or the organization of legislatures, three possible explanations might be offered. First, if leadership norms are essentially norms defined by a predominantly male culture or by historically male institutions, these data may be explained as Stivers suggests: Women face more pressure than men to adapt, modify, or conform their styles to the dominant norms. Because institutional conditions of professionalism and the presence or absence of women and women's power vary, women respond to more complex and conflicting pressures, which in turn leads to greater variability of leadership styles.
By focusing on the smaller variability in men's scores, a second explanation might be offered: Perhaps institutional and cultural norms provide more constraints on men's leadership behavior than on women's behaviors. In an institution or organizational role that is historically male, it might be the case that organizational conformity exerts greater pressure on men. To be sure, women face the same institutional norms, but perhaps because they are pioneers in a sense, they are in effect freer to set their own course. Contrary to the findings of the authors of Breaking the Glass Ceiling, it may be the men in legislatures, rather than the women, who must conform to a narrow band of acceptable leadership behaviors. 70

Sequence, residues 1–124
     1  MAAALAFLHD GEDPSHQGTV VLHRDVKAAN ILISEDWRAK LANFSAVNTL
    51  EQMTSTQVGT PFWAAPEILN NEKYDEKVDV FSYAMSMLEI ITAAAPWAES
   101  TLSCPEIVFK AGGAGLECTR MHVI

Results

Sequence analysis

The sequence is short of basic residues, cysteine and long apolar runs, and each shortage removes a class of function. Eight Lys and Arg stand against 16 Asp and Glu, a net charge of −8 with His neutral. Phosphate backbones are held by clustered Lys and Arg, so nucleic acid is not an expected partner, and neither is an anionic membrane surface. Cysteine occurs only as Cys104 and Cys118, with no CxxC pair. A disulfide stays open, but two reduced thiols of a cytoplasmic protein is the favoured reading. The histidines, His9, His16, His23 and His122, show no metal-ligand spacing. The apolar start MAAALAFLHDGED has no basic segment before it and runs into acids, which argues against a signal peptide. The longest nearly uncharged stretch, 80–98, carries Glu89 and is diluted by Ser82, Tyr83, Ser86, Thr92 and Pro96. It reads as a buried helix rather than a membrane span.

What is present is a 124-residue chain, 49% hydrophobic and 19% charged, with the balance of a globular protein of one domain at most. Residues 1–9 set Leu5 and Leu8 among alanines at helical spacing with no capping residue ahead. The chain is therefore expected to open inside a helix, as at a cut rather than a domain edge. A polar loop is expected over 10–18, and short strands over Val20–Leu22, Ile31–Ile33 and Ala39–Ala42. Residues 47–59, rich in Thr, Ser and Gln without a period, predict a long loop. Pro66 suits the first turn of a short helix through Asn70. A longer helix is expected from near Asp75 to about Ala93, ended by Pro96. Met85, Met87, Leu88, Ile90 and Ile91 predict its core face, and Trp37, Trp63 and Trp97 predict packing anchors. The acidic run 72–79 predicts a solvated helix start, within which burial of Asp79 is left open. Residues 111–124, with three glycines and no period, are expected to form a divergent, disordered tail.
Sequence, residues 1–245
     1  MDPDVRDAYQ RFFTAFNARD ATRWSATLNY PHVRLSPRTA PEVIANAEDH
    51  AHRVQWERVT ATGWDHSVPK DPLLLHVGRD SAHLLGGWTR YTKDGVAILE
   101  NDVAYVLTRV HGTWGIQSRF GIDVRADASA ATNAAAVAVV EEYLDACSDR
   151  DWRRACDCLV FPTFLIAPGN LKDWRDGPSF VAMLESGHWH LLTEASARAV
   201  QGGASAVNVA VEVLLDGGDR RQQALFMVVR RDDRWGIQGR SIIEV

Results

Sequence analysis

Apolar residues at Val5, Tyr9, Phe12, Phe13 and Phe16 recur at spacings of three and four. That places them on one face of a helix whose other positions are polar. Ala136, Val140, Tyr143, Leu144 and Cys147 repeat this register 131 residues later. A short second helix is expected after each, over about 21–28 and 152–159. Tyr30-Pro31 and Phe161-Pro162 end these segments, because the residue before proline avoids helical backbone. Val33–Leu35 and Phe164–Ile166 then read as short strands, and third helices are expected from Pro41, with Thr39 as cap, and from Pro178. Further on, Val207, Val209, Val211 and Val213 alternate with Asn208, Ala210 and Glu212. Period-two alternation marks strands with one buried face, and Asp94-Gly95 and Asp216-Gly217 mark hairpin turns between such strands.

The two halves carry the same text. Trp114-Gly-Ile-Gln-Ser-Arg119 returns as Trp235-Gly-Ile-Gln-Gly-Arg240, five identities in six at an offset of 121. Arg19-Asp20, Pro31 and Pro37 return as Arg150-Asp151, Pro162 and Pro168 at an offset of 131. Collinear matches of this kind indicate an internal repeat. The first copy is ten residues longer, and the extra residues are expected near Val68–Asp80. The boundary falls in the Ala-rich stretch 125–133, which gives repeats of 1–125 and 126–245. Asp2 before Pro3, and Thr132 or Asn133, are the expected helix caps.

A third explanation might be that legislatures are different from other organizations and thus findings from other organizations are not always applicable. Leadership in public organizations tends to flow to those who embody the norms and values of the organization. Legislatures differ from other organizations in terms of the higher turnover of members and a less hierarchical structure that recognizes the presumptive equality of each member. Instability and greater equality might negate the powerful socializing norms evident in other organizations. Because legislatures have less stable organizational norms, different styles of leadership brought by women may offer new possibilities for influence and change.
This analysis underscores the centrality of gender as a defining element of leadership style. Gender shows its impact in three ways. First, sex is a significant predictor of aspects of integrative leadership behavior even when controlling for different situational variables. The differences are not biological but presumably result from different life experiences and socialization. Second, and just as important, gender manifests itself in feminine and masculine personality traits and, therefore, demonstrates a significant influence on leadership styles. Third, gender shows its influence as an organizational phenomenon when we specify the effects of more women in a legislature or more power held by women in a legislature.
Integrative leadership behaviors and motivations are also quite variable given the demands of place, institution, and time. Contextual circumstances matter. Although aggregate-level analysis cannot begin to reveal or fully ex